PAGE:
Five ways Performance Intelligence can transform your business

Aveva Software Australia Pty Ltd
By Emon Zaman, Senior Vice President Asia Pacific, AVEVA
Sunday, 01 May, 2022


Performance Intelligence, the combination of data, analytics and human insight, will transform organisations, enhancing sustainability and resilience, driving efficiency, and revolutionising how employees work.

Ensuring continuity of operations in a rapidly changing world can be hard to achieve and even harder to maintain. Evolving supply chains, the need for sustainability and changing consumer habits continue to cause disruptions that can destabilise even the most robust business ecosystems.

This has spurred enterprises of all sizes to embrace digital transformation faster than ever before. AVEVA research has revealed that 85% of businesses plan to accelerate their investment in this area over the next five years, which will help them improve operational sustainability, agility and resilience by unlocking the performance benefits of automation, artificial intelligence (AI) and big data analytics.

Two thirds of organisations believe they’re already on the journey to realising Performance Intelligence — how AVEVA defines the capacity to harness data-led insights so people can maximise sustainable value across assets, processes, locations and organisations — in order to realise key sustainability goals, become more agile, and empower teams by connecting their workforce with better collaboration tools and real-time shared data.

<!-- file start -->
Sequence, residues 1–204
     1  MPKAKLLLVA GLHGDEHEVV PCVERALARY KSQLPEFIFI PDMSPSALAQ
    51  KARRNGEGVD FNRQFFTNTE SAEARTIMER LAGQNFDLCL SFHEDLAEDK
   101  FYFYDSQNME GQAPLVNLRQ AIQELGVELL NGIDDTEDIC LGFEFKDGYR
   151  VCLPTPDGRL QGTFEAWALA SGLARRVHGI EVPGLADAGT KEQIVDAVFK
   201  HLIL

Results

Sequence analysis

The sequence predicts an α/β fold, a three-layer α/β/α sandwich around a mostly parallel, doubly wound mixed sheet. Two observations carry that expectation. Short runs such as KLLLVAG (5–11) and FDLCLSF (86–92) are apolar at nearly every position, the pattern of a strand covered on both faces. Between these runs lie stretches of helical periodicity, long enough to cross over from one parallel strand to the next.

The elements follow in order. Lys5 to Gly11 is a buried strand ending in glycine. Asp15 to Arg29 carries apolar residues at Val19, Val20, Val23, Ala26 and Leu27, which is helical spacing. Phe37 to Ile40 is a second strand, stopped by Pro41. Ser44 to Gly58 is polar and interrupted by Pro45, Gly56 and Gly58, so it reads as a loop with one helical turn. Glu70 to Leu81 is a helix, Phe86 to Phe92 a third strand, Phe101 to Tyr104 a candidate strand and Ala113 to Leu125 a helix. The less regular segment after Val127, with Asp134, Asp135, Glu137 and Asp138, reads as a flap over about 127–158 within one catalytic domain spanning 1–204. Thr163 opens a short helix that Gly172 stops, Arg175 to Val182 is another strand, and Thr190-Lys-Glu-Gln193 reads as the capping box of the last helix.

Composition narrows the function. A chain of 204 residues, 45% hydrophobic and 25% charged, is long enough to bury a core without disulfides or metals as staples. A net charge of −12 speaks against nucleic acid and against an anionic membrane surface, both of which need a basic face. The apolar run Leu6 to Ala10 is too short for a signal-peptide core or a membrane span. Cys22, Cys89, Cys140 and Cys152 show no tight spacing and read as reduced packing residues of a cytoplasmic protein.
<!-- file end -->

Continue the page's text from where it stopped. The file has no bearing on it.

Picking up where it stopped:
This article takes a look at just five of the ways Performance Intelligence can transform your business, helping it to evolve to meet both the challenges and opportunities of today and tomorrow.

1. Enhancing sustainability

Sustainability is at the forefront of industry leaders’ minds, with nine out of ten industrial businesses committed to achieving net-zero carbon emissions within five years, according to a recent AVEVA survey. Performance Intelligence can help improve sustainability through the use of collaboration tools, real-time data and predictive analytics that provide greater visibility to track and optimise sustainability metrics.

Two thirds of organisations believe the ability to share data sets across teams in real time will have the greatest impact on sustainability, while significant sustainability gains can also come from solutions such as data monitoring and asset optimisation.